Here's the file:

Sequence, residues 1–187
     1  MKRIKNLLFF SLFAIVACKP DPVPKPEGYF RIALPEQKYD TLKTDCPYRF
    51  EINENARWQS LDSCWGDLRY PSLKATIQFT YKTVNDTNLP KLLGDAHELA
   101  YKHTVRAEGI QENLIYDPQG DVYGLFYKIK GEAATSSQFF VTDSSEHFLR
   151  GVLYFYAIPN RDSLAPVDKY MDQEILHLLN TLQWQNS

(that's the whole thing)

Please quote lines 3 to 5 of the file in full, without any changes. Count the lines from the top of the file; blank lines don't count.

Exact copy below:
    51  EINENARWQS LDSCWGDLRY PSLKATIQFT YKTVNDTNLP KLLGDAHELA
   101  YKHTVRAEGI QENLIYDPQG DVYGLFYKIK GEAATSSQFF VTDSSEHFLR
   151  GVLYFYAIPN RDSLAPVDKY MDQEILHLLN TLQWQNS